Image_2_Repurposing Antispasmodic Agent Otilonium Bromide for Treatment of Staphylococcus aureus Infections.tif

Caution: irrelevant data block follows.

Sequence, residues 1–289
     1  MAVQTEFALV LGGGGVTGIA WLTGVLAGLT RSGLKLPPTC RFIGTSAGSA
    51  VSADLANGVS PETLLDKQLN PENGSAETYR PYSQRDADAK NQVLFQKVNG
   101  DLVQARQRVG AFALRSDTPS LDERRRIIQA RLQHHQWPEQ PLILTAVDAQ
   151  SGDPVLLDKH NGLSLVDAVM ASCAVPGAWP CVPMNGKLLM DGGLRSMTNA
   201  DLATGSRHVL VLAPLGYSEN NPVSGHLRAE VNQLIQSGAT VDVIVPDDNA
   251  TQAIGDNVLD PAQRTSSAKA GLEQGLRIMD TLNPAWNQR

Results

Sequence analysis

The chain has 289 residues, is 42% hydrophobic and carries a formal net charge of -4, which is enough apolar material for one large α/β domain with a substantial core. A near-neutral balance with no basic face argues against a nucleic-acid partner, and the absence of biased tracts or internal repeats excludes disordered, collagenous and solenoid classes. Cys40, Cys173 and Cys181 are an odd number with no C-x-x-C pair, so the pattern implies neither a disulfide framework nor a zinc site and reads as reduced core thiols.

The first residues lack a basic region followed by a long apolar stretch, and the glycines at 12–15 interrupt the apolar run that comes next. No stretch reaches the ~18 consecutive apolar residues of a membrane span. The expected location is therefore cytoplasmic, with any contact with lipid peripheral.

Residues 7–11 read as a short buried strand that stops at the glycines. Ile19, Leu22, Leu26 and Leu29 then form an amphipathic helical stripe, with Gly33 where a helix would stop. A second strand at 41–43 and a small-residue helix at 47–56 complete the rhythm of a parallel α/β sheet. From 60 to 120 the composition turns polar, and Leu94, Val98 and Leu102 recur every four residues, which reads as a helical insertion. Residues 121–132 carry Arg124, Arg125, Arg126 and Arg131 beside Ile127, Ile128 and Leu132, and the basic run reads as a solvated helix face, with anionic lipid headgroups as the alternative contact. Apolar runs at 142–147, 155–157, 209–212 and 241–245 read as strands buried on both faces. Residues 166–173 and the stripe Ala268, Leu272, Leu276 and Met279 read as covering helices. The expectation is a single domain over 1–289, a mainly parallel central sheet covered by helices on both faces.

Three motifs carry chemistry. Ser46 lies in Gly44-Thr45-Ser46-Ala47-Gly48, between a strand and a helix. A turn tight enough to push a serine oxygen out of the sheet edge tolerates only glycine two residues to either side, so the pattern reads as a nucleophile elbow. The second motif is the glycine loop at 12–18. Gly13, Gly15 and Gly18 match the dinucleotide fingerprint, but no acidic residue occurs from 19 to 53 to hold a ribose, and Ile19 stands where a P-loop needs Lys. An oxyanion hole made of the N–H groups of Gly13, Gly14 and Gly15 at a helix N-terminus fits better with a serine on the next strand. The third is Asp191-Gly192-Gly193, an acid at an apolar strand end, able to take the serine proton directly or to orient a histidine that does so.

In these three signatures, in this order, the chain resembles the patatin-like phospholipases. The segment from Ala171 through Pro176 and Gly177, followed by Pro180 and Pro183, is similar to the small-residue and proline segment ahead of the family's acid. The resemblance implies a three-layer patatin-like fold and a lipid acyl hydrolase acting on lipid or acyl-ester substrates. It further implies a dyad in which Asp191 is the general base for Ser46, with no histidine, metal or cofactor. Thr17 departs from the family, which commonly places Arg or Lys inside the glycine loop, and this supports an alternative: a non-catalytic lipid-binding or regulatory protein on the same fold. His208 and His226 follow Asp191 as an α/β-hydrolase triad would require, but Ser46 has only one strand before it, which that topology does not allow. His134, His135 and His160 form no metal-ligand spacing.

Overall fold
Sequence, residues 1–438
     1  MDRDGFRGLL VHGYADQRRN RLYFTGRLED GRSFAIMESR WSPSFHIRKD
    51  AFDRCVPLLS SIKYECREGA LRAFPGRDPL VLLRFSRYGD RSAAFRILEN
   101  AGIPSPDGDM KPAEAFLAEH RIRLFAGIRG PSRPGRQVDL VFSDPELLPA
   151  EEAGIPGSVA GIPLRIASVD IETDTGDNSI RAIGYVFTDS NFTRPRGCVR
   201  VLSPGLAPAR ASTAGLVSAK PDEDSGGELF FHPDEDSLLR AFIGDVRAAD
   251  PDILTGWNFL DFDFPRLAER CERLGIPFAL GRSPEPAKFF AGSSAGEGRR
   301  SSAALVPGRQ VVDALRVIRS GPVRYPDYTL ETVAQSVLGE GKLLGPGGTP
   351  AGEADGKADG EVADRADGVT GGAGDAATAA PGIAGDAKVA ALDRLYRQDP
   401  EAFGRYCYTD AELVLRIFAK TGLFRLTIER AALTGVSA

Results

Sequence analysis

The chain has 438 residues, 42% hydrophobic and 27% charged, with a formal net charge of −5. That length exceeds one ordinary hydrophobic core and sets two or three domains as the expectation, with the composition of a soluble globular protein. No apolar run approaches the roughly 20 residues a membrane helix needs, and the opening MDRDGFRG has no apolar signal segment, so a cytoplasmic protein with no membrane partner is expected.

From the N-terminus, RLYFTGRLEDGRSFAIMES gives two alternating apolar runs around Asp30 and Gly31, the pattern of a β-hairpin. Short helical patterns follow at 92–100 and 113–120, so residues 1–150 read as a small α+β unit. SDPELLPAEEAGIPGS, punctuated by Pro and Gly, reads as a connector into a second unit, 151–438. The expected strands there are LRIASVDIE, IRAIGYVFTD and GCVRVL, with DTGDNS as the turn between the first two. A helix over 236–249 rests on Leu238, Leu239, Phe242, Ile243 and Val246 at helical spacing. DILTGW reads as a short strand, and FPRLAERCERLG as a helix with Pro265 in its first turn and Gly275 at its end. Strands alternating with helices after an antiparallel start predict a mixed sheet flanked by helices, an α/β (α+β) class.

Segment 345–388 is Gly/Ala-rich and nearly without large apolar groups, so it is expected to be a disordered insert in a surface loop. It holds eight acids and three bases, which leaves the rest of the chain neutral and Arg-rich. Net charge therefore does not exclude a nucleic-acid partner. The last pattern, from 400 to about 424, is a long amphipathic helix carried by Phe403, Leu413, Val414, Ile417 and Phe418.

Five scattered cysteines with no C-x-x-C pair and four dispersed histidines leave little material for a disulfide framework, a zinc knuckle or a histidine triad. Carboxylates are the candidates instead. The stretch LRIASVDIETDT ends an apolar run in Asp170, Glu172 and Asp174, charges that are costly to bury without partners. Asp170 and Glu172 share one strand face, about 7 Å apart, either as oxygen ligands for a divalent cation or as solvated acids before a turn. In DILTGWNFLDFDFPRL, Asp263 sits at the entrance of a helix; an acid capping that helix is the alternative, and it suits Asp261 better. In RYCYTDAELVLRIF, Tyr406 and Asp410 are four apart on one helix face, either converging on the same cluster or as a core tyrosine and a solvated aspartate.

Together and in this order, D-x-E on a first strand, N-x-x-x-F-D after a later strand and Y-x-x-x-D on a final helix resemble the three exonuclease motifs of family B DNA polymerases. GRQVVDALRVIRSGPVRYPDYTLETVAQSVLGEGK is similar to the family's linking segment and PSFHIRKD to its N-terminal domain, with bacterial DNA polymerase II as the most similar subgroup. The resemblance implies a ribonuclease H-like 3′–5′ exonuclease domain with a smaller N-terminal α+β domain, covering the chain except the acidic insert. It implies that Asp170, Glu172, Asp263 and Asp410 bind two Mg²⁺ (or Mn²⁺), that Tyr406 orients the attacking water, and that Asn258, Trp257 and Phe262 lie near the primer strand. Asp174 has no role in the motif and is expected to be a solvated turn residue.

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Recently, the problem of bacterial resistance has been brought into focus, which makes the development of new antibiotics become a necessity. Compared with traditional development approaches, drug repurposing provides a faster and more effective approach to find new antimicrobial agents. In this study, we found that antispasmodic agent otilonium bromide had strong antibacterial ability and bactericidal activity against Staphylococcus aureus, with minimal inhibitory concentrations (MICs) of 4–8 μg/ml, and bacteria could be killed completely after treatment with 2× MIC of otilonium bromide for 5 h. Furthermore, it had a potent effect on eradicating biofilm at concentrations ranging from 16 to 64 μg/ml. At the same time, it had low tendency to develop resistance and possessed limited cytotoxicity. In the methicillin-resistant S. aureus–infected mouse peritonitis model, it was also effective to cure mice and improve their survival rate. In addition, we observed that otilonium bromide changed the permeability of bacterial membrane and caused membrane damage, and it is probably the antibacterial mechanism of otilonium bromide. Taken together, our results indicated that otilonium bromide could be a new antimicrobial agent to treat S. aureus infections more safely and efficiently.
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